Release date: November 3, 2023
Developer: Syn Sophia
Publisher: XSEED / Marvelous
It’s a bit of surprise that it’s taken so long for a game like Fashion Dreamer to land on Switch, especially after developer Syn Sophia’s Style Savvy series of games proved that there’s an audience craving laid-back games about designing clothes. The bulk of recent releases in the genre have been microtransaction-ridden smartphone games, so there’s been some excitement among the cozy-gaming crowd that Fashion Dreamer could be a more premium alternative. It’s also a bit of a departure from its predecessors, focusing more tangibly on the clothes themselves than the culture around them. But is that enough to make Fashion Dreamer an easy recommendation for aspiring clothes designers?
Fashion Dreamer differs most substantially from its predecessors in that it’s an incredibly freeform experience. There’s no story path to follow, nor are there really any tasks that need completing. You’re not doing things like participating in runway fashion contests against your rivals, or trying to run a clothing store in a city, like in some of the Style Savvy games. Instead, the player is dropped into a metaverse-esque environment called Eve that simply encourages players to design clothes and outfits at their leisure, and maybe try out some adjacent activities like photography. Beyond a quick set of tutorials explaining all the different components of Fashion Dreamer’s world, it’s up to the player to find their own fun. Because of this, the game feels more like a platform for creation and expression than a game – and while that may be fine for some, I found Fashion Dreamer a bit too empty and sterile to make me want to come back for more.
The world of Fashion Dreamer is a digital utopia split into themed districts called Cocoons; one of them resembles an urban streetscape, whereas another feels more like a fancy shopping mall, for example. Each Cocoon is populated by characters called Muses who will often be NPCs, but when playing online may be swapped with character models representing other real-world players. Either way, Muses exists for one purpose: as canvases for the player to assemble outfits. Muses may have preferences for certain colors or styles, but beyond that, players are free to use both predesigned and custom-crafted clothes to dress them up however they want. Meet their requests well and do things like use complimentary colors, and you’ll earn better rewards, like increased E-Points – the primary currency in Fashion Dreamer.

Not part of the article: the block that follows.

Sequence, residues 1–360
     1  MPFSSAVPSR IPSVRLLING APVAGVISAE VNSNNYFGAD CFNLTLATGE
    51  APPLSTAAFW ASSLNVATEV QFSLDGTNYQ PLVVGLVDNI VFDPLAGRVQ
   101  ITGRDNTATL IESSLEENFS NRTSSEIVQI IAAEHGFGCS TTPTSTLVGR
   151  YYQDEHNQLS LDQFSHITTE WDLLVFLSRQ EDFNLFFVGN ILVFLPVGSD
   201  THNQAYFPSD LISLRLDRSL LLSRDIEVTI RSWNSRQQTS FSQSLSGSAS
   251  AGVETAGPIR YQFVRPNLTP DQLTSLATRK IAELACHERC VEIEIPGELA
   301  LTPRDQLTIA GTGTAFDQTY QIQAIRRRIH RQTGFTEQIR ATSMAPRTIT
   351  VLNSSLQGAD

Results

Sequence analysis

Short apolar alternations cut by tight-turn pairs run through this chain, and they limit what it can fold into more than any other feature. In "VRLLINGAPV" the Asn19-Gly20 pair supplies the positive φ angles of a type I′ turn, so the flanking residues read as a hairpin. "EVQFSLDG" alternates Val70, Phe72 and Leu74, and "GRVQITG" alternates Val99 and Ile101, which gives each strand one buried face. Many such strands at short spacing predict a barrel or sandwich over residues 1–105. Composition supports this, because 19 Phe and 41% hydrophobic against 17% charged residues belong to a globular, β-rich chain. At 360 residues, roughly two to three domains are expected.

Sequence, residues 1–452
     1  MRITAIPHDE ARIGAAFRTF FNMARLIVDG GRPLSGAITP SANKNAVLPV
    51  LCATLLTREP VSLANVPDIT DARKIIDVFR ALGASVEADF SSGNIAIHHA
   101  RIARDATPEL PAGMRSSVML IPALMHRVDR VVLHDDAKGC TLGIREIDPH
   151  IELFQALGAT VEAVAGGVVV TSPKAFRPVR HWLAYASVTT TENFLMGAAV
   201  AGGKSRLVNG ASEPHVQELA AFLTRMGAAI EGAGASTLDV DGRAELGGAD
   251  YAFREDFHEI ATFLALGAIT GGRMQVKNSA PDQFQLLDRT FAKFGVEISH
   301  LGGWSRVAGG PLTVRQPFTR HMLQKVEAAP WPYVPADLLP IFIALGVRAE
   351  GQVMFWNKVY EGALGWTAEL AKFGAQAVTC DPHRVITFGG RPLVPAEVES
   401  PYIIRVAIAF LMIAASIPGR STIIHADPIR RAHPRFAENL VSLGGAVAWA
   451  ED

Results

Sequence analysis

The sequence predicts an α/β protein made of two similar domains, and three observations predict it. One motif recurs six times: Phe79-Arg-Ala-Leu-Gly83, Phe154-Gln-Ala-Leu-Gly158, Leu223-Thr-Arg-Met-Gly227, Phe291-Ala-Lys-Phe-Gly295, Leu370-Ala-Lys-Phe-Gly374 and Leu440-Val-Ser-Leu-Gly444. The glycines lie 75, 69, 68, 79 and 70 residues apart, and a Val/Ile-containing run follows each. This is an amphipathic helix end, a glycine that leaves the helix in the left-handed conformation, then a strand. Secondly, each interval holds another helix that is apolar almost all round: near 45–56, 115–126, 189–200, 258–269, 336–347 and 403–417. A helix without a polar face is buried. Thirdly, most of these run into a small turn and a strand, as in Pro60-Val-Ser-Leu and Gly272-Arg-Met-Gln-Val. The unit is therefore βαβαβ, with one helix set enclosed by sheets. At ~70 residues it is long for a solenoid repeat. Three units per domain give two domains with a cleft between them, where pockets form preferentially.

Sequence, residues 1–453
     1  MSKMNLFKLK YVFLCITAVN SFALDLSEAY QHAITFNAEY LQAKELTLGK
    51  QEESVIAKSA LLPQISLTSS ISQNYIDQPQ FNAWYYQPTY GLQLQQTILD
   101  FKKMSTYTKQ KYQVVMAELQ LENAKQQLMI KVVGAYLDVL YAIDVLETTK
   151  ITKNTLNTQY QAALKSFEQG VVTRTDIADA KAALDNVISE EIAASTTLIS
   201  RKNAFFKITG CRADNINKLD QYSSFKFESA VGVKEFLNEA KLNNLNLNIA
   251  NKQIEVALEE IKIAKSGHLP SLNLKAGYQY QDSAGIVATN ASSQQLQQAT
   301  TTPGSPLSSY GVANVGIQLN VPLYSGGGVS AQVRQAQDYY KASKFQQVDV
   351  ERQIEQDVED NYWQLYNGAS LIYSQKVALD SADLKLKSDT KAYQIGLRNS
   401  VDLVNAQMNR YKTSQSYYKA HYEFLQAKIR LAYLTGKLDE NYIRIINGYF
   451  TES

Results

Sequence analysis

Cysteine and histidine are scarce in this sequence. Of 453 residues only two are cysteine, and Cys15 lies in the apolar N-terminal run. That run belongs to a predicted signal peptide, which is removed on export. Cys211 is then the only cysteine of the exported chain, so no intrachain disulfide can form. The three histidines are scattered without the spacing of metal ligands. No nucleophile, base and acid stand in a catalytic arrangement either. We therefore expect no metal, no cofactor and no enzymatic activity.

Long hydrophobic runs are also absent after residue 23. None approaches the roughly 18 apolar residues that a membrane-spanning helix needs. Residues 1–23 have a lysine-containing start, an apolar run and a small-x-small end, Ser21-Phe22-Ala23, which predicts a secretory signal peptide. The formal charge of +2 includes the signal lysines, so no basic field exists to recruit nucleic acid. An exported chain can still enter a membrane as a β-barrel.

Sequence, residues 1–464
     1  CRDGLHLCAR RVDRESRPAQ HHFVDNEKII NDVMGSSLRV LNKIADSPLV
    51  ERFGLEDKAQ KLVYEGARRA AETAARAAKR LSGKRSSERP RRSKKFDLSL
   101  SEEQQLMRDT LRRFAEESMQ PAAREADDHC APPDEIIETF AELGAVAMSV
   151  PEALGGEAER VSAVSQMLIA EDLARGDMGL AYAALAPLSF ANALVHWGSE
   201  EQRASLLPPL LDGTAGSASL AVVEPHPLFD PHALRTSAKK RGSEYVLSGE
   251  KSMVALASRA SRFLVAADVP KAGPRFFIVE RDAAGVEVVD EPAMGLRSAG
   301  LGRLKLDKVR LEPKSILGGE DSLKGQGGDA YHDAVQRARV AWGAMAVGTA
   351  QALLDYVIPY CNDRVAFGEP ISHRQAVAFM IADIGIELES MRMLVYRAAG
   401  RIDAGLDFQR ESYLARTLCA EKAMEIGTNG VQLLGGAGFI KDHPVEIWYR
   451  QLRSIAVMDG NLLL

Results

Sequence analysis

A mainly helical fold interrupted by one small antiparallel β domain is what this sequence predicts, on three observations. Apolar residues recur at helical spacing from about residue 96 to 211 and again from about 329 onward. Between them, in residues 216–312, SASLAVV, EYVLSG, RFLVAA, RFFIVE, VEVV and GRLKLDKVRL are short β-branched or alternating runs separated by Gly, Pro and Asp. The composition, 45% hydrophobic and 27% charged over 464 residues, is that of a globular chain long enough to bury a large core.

Interestingly, though, you don’t really use E-Points to buy clothes in Fashion Dreamer. All you have to do is “Like” a clothing item to add it to your collection, and from that point on its yours to use freely when designing outfits for Muses. It’s a bit of a double-edged sword in that it’s great being free to build a clothing collection quickly, but it’s a completely mindless process when there’s no need to, say, budget finances. There’s nothing really exciting about the process of collecting clothes because you can’t walk more than a few feet in Eve without running into an NPC with an outfit you can just add to your collection in a single click. There are also a ton of in-game “shops” (that are really just floating screens) offering rotating selections of clothing items of varying rarity, but you’re not really shopping, so it’s not really that interesting of an experience.
The variety of clothes on offer is pretty massive, with a considerable range of options across a wide range of styles. I can’t imagine most players being disappointed with the thousands of different options available, especially when factoring in customization. There are still some pretty jarring absences – I’d like to see more accessories like watches and belts, for example, which seem like weird oversights – but it’s not a big deal. What’s more disappointing is that most of the clothes are locked to specific body types, which feels out-of-touch and needlessly restrictive at best, and will certainly make it more difficult for some players to design a a Muse that actually looks like them. That, to me, is unacceptable for a game that is laser-focused on self-expression and creativity, especially considering animations and such are shared between body types.